Newspoll is not called 'the Fox News of statistics' for nothing. Like Fox News, it serves Rupert Murdoch. Like Bill O'Reilly, it tells him what he wants to hear. And what does Rupert Murdoch want to hear? Well, that the voters are very volatile, for one thing. The Labor numbers go up to 58 before the Great Debate, then down to 54 after it. On the weekend when, in the greatest gatherings in human history, the West protests against the Iraq war, and it's known that most Australians oppose it, the vote for Howard goes up. When he's found to have lied about Children Overboard, the vote for Howard goes up. When Howard seems on his last legs, he gets the good news he needs. From Newspoll, the preferred Murdoch pollster.
And like Newspoll you ring no mobile phones, thus eliminating or minimising, the Labor-leaning, or Green-leaning, under-38s. Like Newspoll you ring homes on Friday night, when the under-38s aren't home, but the old, the ill, the friendless, the poor and the mad are, the Howard battlers, the Menzies limpets, the One Nation crazies in socks and sandals. And you make them one-third of your figure.
How is I know, or I suspect, this is what they do? Well, I noticed the Labor vote always plummets, according to Newspoll, at the beginning of the Christmas holidays, and soars at the end of them, and it has for the last ten years. Is this because people think of John Howard over the plum pudding and decide that they love him? No. It's because the Labor vote, or the prosperous, educated Labor vote, aren't home. They're at the Sydney Festival or on a boat on the Hawkesbury or in a hotel in Byron Bay or a pensione in Venice whereas the old, the ill, the friendless, the poor and the mad are at home, as usual, waiting for Newspoll to engage them in detailed conversation. And so it is the Labor vote goes down at Christmas, and up again after Australia Day.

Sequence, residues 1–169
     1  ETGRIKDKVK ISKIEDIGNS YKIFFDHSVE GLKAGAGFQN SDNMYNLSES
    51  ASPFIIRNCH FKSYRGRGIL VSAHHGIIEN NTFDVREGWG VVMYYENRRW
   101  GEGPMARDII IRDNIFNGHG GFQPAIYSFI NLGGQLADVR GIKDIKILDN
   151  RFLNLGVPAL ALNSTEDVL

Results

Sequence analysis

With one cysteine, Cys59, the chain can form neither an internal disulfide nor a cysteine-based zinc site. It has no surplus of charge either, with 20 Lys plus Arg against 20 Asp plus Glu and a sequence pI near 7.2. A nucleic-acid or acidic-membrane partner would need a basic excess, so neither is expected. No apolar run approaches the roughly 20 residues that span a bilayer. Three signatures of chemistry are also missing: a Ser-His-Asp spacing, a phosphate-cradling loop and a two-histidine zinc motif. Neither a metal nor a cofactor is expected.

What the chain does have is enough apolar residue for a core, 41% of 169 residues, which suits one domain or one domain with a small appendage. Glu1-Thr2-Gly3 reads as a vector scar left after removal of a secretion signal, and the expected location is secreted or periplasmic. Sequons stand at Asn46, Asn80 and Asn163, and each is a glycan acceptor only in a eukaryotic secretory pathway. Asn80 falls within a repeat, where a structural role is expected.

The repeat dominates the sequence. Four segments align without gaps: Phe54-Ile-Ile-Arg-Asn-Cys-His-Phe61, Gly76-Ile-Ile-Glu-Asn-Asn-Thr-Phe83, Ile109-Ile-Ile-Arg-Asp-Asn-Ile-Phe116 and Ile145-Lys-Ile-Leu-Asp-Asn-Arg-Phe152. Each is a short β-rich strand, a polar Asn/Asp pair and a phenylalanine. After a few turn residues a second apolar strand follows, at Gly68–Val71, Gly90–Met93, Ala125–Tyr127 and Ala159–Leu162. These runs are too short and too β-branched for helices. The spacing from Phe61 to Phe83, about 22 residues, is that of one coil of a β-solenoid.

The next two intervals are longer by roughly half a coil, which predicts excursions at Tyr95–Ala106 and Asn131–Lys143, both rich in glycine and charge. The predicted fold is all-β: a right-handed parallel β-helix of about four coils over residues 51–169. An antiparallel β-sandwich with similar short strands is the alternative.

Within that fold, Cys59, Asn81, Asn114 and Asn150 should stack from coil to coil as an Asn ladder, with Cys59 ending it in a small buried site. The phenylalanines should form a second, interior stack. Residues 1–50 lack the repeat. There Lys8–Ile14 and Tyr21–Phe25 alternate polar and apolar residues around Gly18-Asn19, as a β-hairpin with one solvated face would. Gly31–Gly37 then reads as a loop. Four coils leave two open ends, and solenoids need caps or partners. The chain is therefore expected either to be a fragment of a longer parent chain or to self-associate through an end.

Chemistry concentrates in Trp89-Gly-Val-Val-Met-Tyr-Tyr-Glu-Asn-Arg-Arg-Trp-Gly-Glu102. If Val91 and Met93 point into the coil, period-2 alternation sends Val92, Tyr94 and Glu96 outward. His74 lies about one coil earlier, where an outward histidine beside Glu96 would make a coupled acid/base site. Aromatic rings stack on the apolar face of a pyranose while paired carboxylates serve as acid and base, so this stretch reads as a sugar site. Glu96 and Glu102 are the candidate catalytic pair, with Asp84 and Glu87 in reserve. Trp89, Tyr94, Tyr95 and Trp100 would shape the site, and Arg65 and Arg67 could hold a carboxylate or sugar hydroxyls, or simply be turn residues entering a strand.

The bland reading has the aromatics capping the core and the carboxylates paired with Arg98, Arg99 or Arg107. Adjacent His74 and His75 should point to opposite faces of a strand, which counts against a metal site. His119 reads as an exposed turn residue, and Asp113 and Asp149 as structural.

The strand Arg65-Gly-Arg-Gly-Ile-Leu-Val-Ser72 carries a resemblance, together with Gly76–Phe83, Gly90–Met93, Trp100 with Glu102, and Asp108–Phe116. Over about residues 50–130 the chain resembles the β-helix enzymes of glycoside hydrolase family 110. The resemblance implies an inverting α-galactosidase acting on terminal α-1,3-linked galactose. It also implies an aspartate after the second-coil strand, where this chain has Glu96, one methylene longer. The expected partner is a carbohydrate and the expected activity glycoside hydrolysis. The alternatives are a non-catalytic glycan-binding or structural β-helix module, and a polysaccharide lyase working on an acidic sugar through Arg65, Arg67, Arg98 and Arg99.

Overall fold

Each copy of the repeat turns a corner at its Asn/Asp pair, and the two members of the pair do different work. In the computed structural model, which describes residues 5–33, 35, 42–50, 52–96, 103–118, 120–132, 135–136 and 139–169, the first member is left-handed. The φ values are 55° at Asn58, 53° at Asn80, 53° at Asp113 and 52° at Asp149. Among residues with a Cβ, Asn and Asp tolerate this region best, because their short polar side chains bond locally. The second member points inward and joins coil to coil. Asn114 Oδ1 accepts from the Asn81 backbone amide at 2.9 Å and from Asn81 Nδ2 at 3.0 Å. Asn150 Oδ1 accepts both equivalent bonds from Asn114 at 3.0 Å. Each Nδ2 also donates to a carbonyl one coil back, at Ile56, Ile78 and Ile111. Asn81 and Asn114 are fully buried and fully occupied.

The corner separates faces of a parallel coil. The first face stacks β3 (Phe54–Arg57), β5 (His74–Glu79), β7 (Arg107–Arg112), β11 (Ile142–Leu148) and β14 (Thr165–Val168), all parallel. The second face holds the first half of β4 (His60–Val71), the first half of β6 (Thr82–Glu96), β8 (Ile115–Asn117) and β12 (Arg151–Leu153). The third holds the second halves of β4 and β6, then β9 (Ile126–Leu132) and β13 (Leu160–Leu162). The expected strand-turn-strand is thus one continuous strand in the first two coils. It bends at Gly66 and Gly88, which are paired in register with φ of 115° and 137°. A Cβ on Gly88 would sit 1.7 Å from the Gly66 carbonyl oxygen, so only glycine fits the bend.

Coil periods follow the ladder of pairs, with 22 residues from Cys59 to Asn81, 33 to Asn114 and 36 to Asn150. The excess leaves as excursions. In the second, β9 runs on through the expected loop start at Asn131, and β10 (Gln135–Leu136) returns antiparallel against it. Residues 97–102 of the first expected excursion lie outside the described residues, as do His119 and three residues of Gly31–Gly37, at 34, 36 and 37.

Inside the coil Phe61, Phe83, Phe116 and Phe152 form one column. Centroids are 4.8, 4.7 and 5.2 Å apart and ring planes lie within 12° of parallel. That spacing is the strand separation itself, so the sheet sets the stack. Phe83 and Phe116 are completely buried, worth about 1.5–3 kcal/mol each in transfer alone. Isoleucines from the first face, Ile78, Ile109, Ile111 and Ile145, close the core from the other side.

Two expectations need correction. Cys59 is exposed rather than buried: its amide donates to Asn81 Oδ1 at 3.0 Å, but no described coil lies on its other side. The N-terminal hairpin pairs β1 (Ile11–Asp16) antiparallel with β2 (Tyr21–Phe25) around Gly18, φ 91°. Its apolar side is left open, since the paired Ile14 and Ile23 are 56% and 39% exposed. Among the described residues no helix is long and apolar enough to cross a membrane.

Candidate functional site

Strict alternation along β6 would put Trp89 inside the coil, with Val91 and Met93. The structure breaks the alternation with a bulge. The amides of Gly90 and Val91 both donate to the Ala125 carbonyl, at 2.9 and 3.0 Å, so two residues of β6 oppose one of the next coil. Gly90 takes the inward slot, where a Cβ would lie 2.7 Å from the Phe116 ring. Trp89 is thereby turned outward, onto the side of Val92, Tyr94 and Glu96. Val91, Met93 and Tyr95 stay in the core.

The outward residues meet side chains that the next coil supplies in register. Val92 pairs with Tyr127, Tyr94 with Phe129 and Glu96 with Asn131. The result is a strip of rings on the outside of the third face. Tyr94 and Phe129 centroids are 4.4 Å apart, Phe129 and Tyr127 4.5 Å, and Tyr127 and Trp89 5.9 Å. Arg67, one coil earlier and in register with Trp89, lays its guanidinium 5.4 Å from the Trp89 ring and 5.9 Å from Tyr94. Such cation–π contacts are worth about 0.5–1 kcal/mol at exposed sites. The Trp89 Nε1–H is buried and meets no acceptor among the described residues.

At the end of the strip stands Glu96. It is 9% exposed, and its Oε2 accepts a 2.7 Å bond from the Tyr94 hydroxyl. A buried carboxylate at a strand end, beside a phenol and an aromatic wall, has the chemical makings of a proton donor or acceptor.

(via The Poll Bludger)
A recent paper, A Corpus-based Approach to Finding Happiness (PDF) attempts to find a recipe for happiness, through the analysis of words in mood-tagged LiveJournal posts:
Our study is based on a collection of blogposts from LiveJournal.com, annotated with happy and sad moods. Every blog community practices a different genre of writingâ from our experience, LiveJournal.com blogs more closely recount the goings-on and happenstance of everyday life than any other blog communityThe study looked at both words and posting times, and used Bayesian techniques to find patterns, and compared the findings against a similar word ranking named ANEW, based on clinical studies, coming up with some interesting (and sometimes surprising) conclusions:
For instance, a topic that is often talked about in relation to happiness is love. In fact, looking up the ANEW list of words, love ranks the third out of 1034 words, with a high 87.2 pleasure factor. Instead, the word love in our list is neutral, with a happiness factor of only 48.7. Moreover, a morphological variation of the same word, loved, is ranked similarly high in the ANEW list (86.4), but it is marked as a sad word in our list (28.1). The only happy variation of this word is lovely, which has a happiness factor of 77.3 (this word does not appear in the ANEW list). What these rankings suggest is that the stereotypical view of love (the public view) is that of a happy word (the ANEW ranking), but the more private view of this word is neutral, due to a balanced distribution of this concept in both happy and sad moments.